...

View Full Version : spacer.gif vs  



CitznFish
02-05-2003, 11:27 PM
I have been pondering this for a while and I sdon't know the answer.


Whenever I try to code a page I avoid using any type of spacer.gif image or even <spacer type=block width="50bajillion">. What I do is use tables and set blank cells with an &ampnbsp; inside if I need to space objects. I am of the opinion that it's poor coding to use spacer.gifs and the <spacer> tag. Am I wrong, is there a real reason to use all those spacer.gifs? Is ther a benefit to use gifs instead of empty table cells? In my work environemnt everything is tabled that we publish live so maybe this has affected my thinking.... Anyone care to chime in with their own $.02? :thumbsup:

justame
02-06-2003, 12:10 AM
cit...
/me just a uses® the spacer.gif method 'cause thennn /me just a knows® it will/should look the sammme to everyone...

n' just a seems® to think that the & n b s p ; would be variable sized just a ccording® to the viewers font settings??? aka small medium n' large???

/me just a reminds® ya /me stilll isnt programmed to think...lol...


just a ps®...
'cept /me just a knows® thattt /me lovvves your website...hehehe...wherrre was it when /mes boys were small??? lol...

CitznFish
02-06-2003, 12:23 AM
It actually doesn't change the positioning at all depending on platform or font size. This is because I dictate the width of the cell and use &nbsp; only once so IE doesn't see it as an empty cell.


I have viewed the results on Mac's and PC's using IE 5 and NS 4.72 as well as mozilla.


If it is poor coding practice I'll switch to spacer.gif's, but I just hate to use them...

justame
02-06-2003, 01:09 AM
cit...
/me just a started® 'thinkin' just a bout® this sooo /me headed to good ol' google.com n' found these...

http://www.sun.com/smrc/web/specs/graphic.html
Using the dot.gif SPACER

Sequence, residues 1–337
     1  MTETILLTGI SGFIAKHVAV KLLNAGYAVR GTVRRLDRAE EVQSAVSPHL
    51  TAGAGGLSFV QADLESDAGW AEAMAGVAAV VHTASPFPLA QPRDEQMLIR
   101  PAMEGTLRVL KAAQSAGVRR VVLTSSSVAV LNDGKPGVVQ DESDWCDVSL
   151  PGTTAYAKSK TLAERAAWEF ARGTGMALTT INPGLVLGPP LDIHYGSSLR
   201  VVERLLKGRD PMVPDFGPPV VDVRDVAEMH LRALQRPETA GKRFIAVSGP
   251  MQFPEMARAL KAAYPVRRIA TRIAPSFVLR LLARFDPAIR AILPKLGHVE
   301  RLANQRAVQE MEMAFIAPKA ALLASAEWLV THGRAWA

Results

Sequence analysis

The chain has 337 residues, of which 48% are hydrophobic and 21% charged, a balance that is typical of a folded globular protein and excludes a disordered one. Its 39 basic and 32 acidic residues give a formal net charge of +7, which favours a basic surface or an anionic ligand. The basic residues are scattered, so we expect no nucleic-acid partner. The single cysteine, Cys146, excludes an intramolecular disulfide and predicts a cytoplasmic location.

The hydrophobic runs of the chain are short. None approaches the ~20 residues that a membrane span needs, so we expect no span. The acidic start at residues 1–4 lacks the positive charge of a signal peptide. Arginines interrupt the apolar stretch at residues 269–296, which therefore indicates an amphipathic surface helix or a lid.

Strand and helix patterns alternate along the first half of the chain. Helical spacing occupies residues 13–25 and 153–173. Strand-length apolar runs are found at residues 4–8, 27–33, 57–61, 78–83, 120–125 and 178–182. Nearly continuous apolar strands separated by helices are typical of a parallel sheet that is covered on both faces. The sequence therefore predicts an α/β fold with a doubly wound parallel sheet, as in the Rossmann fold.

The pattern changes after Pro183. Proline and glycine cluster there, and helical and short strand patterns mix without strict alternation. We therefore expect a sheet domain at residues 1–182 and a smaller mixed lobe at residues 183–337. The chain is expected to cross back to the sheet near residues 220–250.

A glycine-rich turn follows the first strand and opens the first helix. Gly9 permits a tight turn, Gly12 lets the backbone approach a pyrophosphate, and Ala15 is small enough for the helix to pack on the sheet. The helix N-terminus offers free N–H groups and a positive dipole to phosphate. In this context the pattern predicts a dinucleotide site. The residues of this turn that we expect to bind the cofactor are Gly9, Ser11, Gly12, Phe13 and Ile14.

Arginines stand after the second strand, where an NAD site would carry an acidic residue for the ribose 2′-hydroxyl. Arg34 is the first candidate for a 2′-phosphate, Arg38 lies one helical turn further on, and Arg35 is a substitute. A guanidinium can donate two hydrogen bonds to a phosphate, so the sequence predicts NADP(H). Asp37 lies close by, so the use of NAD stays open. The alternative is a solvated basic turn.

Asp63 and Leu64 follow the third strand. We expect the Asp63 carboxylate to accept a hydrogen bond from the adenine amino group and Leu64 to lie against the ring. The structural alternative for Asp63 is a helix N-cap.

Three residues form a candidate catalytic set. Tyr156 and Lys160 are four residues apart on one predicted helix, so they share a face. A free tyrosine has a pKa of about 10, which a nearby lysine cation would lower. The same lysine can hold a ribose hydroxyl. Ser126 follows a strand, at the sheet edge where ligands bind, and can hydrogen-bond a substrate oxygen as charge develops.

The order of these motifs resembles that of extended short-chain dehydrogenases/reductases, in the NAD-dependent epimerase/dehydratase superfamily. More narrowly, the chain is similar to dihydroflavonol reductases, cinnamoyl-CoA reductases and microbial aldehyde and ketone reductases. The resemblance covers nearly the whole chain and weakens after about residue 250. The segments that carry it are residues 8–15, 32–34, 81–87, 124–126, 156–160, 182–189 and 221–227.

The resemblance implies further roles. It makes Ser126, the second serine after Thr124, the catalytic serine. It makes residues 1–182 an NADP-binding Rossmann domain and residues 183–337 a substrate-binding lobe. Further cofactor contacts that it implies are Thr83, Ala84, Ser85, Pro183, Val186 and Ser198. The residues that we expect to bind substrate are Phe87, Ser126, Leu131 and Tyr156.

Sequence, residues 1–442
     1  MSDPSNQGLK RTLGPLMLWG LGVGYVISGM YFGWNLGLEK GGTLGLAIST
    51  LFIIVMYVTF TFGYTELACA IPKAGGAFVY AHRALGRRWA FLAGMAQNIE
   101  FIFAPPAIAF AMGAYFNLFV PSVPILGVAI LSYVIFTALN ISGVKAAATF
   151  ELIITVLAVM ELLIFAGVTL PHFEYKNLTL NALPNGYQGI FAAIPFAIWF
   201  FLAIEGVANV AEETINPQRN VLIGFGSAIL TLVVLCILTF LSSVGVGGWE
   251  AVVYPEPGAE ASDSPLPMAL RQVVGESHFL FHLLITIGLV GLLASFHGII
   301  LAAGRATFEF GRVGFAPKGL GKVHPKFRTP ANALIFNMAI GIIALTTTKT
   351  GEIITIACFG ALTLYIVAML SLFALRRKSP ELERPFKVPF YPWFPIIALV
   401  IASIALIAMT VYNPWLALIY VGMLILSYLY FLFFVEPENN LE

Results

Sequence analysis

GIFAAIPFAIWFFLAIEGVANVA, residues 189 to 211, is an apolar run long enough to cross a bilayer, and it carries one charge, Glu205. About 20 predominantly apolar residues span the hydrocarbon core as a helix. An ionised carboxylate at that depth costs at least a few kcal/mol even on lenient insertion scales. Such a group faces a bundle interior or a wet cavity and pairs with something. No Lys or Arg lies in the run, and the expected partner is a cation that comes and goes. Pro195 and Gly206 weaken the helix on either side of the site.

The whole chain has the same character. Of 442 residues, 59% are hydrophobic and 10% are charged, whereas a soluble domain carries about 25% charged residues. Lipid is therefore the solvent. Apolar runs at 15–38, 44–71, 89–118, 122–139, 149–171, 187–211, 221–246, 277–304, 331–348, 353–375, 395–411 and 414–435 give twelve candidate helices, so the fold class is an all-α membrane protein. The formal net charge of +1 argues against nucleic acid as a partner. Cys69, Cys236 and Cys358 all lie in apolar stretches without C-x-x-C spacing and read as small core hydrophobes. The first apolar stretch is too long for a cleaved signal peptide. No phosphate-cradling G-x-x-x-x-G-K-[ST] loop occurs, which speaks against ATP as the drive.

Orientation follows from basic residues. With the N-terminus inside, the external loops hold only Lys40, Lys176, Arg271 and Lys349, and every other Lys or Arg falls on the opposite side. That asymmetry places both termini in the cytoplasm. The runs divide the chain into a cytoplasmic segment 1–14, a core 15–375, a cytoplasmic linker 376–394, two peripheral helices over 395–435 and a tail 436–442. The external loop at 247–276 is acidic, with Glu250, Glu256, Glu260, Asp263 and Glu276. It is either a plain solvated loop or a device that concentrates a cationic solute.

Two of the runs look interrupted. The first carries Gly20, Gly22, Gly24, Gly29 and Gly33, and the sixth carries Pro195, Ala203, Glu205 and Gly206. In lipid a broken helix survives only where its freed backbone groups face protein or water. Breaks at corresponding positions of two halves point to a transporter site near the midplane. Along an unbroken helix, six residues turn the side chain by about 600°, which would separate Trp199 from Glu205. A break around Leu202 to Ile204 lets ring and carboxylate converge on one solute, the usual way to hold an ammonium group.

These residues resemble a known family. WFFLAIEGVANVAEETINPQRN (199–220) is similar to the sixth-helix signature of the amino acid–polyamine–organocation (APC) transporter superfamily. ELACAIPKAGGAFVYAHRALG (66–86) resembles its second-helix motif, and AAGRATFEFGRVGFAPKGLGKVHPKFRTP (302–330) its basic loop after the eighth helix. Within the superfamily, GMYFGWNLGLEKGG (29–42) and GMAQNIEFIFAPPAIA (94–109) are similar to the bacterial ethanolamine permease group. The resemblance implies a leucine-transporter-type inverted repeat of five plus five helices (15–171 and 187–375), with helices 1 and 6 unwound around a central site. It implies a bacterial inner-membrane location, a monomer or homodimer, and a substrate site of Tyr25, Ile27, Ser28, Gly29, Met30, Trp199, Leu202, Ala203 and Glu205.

Use the dot.gif SPACER to create precise spacing in your html page.
For more general spacing use & n b s p ; for horizontal spacing and <br> for vertical spacing.
Like any image, try to limit usage in order to conserve the number of server calls--not all browsers download only one instance of an image.

www.student.utc.sk/~matrix/abdesign2.shtml
just a brings® up the point of ...what just a if® the viewer has 'images' turned off???

webmarkart
02-06-2003, 02:55 AM
If a user has images turned off they should not expect to see things normally. A transparent 1x1 pixel gif doesnt take that long to load regardless of how much you need to stretch it to space things. I rarely use & nbsp; because I hate to see code that has twenty of them just to indent a few pixels. With a spacer image it is always easier to control vertical alignment compared to & nbsp; tags. As with anything like this it is a matter of personal preference but I'm stickin with the spacer.gif.

jkd
02-06-2003, 03:56 AM
Use CSS, and do it correctly. Forget about browser hacks, this is the 21st century.

brothercake
02-06-2003, 09:52 AM
I agree - spacer gifs and tables-based presentation are *both* bad practise; CSS is the way.

pardicity3
02-06-2003, 12:53 PM
I would have to agree with brothercake and jkd: Css is the way to go. Try messing around with margins, and padding. If you are worried about your layout getting messed up in old browsers, atleast know this: while it may not look the exact way you want it to, it will still be functional. And plus, how many people using NS4.7 and below do you think don't realize that their browser messes pages up?

CitznFish
02-06-2003, 06:31 PM
Originally posted by brothercake
I agree - spacer gifs and tables-based presentation are *both* bad practise; CSS is the way.

That may be the case, but our proprietary publishing system does not easily or smoothly allow for CSS based layouts. Given this, exact placement of items can be done in tables with just one &ampnbsp; in the cell....

<tr><td width="219">&ampnbsp;</td></tr>



Even our new publishing system that is being developed internally will not allow for CSS based layouts. Maybe I should talk to them about this and shake things up. Cool..more people to get pissed at me in the office. ;)

CitznFish
02-06-2003, 06:33 PM
Originally posted by pardicity3
I would have to agree with brothercake and jkd: Css is the way to go. Try messing around with margins, and padding. If you are worried about your layout getting messed up in old browsers, atleast know this: while it may not look the exact way you want it to, it will still be functional. And plus, how many people using NS4.7 and below do you think don't realize that their browser messes pages up?


Since we are a family site and we cater to midwest families as well, our minimum requirements for the site are pretty low. For this business reason CSS is not going to be allowed. Take a look at our minimum requirements: